, Volume 19, Issue 5, pp 865–880 | Cite as

Sedimentary Factors are Key Predictors of Carbon Storage in SE Australian Saltmarshes

  • Jeffrey J. Kelleway
  • Neil Saintilan
  • Peter I. Macreadie
  • Peter J. Ralph


Although coastal vegetated ecosystems are widely recognised as important sites of long-term carbon (C) storage, substantial spatial variability exists in quantifications of these ‘blue C’ stocks. To better understand the factors behind this variability we investigate the relative importance of geomorphic and vegetation attributes to variability in the belowground C stocks of saltmarshes in New South Wales (NSW), southeast Australia. Based on the analysis of over 140 sediment cores, we report mean C stocks in the surface metre of sediments (mean ± SE = 164.45 ± 8.74 Mg C ha−1) comparable to global datasets. Depth-integrated stocks (0–100 cm) were more than two times higher in fluvial (226.09 ± 12.37 Mg C ha−1) relative to marine (104.54 ± 7.11) geomorphic sites, but did not vary overall between rush and non-rush vegetation structures. More specifically, sediment grain size was a key predictor of C density, which we attribute to the enhanced C preservation capacity of fine sediments and/or the input of stable allochthonous C to predominantly fine-grained, fluvial sites. Although C density decreased significantly with sediment depth in both geomorphic settings, the importance of deep C varied substantially between study sites. Despite modest spatial coverage, NSW saltmarshes currently hold approximately 1.2 million tonnes of C in the surface metre of sediment, although more C may have been returned to the atmosphere through habitat loss over the past approximately 200 years. Our findings highlight the suitability of using sedimentary classification to predict blue C hotspots for targeted conservation and management activities to reverse this trend.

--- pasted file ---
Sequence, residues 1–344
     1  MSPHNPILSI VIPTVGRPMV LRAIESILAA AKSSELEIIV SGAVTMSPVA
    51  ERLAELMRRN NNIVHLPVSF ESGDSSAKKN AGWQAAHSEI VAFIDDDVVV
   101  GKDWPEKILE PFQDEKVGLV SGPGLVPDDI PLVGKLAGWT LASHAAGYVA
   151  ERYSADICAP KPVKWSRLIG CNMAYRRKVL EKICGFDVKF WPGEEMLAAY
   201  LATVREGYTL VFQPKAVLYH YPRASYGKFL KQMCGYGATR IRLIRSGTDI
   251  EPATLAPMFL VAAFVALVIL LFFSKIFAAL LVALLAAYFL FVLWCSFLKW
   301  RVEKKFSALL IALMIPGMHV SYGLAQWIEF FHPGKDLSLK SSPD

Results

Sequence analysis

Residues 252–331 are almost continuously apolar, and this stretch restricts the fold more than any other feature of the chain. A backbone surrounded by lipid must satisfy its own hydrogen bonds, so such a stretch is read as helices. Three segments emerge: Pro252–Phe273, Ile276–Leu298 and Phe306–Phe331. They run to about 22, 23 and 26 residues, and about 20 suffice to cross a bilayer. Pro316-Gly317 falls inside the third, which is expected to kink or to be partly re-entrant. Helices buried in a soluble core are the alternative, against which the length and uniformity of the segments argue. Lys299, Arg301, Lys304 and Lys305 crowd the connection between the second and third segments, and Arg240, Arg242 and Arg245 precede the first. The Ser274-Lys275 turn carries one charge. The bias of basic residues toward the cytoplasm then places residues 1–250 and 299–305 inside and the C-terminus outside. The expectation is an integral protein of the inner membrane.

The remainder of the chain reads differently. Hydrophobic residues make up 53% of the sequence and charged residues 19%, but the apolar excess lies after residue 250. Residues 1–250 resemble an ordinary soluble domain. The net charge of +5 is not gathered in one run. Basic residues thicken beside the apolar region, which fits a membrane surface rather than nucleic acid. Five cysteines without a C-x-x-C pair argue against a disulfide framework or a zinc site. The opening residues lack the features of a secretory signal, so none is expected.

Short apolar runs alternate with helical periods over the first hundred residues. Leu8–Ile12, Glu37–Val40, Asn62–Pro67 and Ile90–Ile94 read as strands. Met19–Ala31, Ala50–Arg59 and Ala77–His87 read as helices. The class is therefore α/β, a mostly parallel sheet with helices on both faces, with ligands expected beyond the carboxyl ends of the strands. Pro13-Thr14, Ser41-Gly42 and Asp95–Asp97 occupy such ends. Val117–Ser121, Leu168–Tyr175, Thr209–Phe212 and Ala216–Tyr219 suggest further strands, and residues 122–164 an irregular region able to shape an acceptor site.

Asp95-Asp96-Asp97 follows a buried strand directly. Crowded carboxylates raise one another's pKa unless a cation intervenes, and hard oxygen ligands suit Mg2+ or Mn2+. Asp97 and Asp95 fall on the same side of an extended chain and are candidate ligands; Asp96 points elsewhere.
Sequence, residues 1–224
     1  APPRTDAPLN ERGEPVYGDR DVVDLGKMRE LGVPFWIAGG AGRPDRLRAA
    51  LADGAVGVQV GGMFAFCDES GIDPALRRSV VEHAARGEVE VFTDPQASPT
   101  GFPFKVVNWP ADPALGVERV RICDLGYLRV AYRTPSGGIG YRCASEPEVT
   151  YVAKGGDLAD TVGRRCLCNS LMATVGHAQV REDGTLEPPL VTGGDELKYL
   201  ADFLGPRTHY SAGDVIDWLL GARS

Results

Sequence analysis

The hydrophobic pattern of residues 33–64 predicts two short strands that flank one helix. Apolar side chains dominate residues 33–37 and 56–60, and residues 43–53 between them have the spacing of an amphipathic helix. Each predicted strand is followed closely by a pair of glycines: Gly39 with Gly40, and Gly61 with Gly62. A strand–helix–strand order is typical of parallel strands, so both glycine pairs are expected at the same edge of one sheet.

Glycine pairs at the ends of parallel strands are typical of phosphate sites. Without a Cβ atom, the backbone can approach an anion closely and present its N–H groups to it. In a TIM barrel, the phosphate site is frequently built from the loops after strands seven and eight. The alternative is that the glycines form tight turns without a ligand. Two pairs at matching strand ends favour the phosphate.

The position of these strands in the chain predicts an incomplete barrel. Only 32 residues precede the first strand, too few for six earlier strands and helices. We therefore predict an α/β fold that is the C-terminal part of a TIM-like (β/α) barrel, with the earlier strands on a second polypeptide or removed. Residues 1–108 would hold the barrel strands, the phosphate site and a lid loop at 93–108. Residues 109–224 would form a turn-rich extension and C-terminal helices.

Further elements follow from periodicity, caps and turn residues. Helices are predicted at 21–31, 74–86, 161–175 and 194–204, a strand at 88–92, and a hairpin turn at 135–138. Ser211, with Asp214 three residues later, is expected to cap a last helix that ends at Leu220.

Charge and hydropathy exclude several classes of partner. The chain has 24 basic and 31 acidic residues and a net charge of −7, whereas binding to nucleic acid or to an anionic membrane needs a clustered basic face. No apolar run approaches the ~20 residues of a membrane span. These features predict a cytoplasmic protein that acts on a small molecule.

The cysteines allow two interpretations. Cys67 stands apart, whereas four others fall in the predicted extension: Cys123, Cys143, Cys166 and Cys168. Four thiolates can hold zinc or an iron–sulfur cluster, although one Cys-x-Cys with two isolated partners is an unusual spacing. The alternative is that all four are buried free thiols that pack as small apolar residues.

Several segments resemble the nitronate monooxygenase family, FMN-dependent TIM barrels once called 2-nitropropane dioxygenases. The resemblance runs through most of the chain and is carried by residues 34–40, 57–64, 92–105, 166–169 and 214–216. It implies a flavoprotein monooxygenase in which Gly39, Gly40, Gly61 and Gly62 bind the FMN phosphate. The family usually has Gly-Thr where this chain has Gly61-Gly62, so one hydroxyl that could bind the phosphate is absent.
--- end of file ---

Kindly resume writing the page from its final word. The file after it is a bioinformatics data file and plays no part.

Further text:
carbon sequestration blue carbon saltmarsh salt marsh spatial variability geomorphic setting ecosystem services tidal marshes 



Frederic Cadera is thanked for assistance with field sampling and sample preparation. Field collections were undertaken in accordance with NSW Office of Environment and Heritage scientific licence SL101217 and NSW Department of Primary Industries Scientific Permit P13/0058-1.0. We also thank NSW National Parks and Wildlife Service for supporting access to conservation reserves for fieldwork. This research was supported by the CSIRO Coastal Carbon Cluster and South East Local Land Services. PM was supported by an Australian Research Council DECRA Fellowship (DE130101084).

Supplementary material

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Supplementary material 1 (DOCX 1143 kb)


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Copyright information

© Springer Science+Business Media New York 2016

Authors and Affiliations

  1. 1.Plant Functional Biology and Climate Change Cluster, School of Life SciencesUniversity of Technology SydneyUltimoAustralia
  2. 2.Department of Environmental SciencesMacquarie UniversitySydneyAustralia
  3. 3.School of Life and Environmental Sciences, Centre for Integrative EcologyDeakin UniversityBurwoodAustralia

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